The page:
Today is World Hepatitis Day and this year we are encouraged to Think Again about viral hepatitis, a disease which kills 1.5 million people annually.
Launched by the World Hepatitis Alliance in 2008, World Hepatitis Day became an official World Health Organisation day in 2010. Every year, campaigns planned for this day works towards a shift in attitude around viral hepatitis, raising awareness and influencing real change in disease prevention, testing and treatment.
What is Hepatitis?
Viral hepatitis is inflammation of the liver caused by a virus. There are five different hepatitis viruses, hepatitis A, B, C, D and E. All of these viruses cause short term, or acute infection. However, the hepatitis B, C and D viruses can also cause long-term infection, called chronic hepatitis, which can lead to life-threatening complications such as cirrhosis (liver scarring), liver failure, and liver cancer.
Prevention, Diagnosis and Treatment
The most common routes of transmission for hepatitis B or C viruses are the following:
• Blood transfusions and blood products using unscreened blood (in most developed countries blood has been screened since about 1990)
• Medical or dental interventions without adequate sterilization of equipment
• Mother to infant during childbirth
• Sharing razors, toothbrushes or other household articles. However, it is unlikely to be contracted through the sharing of cutlery.
Getting immunized is the best way of preventing hepatitis B infection. More than one billion doses of the hepatitis B vaccine have been used since the early 1980s and it has been shown to be effective in approximately 95% of cases. There is currently no vaccine for hepatitis C.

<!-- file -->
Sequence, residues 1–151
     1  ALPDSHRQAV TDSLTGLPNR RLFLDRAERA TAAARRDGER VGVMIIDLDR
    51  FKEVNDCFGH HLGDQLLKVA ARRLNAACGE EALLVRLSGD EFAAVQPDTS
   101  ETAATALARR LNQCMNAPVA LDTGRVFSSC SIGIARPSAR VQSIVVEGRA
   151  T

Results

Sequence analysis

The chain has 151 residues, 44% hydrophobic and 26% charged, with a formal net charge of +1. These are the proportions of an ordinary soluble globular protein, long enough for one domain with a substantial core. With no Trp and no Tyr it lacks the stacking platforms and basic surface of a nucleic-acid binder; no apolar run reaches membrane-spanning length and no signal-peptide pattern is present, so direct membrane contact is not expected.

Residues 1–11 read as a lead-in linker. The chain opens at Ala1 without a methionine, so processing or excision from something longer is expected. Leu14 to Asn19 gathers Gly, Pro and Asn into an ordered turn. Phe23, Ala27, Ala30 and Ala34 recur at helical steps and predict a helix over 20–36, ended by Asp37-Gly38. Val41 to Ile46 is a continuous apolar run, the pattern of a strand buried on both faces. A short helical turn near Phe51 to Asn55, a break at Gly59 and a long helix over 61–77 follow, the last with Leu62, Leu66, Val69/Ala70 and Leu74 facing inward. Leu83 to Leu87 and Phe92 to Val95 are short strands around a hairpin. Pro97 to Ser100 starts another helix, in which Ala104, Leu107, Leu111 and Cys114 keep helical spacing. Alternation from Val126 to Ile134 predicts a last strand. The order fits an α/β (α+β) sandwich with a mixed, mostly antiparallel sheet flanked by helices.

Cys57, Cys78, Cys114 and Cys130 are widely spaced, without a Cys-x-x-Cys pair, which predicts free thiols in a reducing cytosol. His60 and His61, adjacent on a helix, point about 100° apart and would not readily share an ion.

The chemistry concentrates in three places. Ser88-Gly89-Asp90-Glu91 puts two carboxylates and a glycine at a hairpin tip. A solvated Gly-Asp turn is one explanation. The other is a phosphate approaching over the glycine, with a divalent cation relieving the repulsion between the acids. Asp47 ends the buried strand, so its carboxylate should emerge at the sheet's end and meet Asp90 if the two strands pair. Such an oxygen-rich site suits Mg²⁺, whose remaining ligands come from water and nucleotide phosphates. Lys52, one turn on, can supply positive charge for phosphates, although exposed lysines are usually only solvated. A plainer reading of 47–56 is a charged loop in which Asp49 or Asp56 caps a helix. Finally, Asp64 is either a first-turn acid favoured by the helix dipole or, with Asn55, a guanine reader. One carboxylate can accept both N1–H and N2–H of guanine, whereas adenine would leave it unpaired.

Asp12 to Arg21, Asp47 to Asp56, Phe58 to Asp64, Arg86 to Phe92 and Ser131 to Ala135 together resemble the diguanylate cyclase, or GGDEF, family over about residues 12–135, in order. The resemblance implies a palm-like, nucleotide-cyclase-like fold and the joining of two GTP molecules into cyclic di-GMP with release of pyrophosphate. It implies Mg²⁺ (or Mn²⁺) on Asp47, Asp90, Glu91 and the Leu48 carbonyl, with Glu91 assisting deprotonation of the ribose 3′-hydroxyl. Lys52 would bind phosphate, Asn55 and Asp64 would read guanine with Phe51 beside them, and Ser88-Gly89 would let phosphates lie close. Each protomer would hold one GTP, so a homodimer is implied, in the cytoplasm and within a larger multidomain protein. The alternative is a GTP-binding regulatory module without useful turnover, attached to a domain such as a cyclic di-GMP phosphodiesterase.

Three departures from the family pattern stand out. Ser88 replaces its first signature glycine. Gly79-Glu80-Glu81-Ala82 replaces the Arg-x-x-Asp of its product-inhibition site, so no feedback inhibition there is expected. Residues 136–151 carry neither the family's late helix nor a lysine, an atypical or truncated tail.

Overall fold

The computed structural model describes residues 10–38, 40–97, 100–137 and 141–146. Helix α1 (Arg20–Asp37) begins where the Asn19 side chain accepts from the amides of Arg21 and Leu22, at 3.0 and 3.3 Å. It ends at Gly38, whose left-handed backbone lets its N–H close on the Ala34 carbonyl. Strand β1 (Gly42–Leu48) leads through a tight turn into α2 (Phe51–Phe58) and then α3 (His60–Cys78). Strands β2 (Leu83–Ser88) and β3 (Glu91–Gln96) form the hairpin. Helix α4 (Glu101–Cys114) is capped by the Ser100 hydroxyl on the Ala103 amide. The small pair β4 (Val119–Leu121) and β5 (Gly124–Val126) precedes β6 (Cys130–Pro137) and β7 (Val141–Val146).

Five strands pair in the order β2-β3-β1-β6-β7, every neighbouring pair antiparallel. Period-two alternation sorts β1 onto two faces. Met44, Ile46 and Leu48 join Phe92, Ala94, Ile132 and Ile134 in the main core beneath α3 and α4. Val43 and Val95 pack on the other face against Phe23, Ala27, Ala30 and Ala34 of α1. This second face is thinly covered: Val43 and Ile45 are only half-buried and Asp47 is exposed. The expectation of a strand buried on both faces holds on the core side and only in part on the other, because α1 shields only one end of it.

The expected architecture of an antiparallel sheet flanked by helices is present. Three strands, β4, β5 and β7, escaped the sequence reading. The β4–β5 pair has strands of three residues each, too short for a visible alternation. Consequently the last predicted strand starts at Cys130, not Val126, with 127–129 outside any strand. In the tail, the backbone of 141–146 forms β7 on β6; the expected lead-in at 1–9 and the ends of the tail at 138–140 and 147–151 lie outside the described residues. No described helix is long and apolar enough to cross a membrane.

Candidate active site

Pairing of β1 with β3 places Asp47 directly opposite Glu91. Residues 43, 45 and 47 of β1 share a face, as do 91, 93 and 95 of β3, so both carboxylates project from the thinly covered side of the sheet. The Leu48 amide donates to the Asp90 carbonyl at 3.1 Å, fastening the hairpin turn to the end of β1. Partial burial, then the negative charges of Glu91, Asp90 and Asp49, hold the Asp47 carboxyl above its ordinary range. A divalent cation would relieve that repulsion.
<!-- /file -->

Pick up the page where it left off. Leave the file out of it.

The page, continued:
There is currently no treatment for hepatitis A. As a result, treating the condition is based on making the patient feel as comfortable as possible until the infection passes. If a patient is diagnosed with hepatitis B, it is likely that their doctor will refer them to a specialist, usually a hepatologist (a liver specialist). Most people tend to be free of symptoms and recover completely within a couple of months, never going on to develop chronic hepatitis. Once your symptoms get better, further testing is needed to check that the patient is free of the virus and has not developed chronic hepatitis B. Finally, most cases of acute hepatitis C are not treated as the person either does not have any symptoms or mistakes the symptoms for the flu. If hepatitis C is detected during the acute phase, it is normally recommended that the person is monitored to see if their body fights off the virus.
To find out more information about the different types of hepatitis, its prevention, diagnosis and treatment, or to get involved in the campaign, visit the world hepatitis alliance website.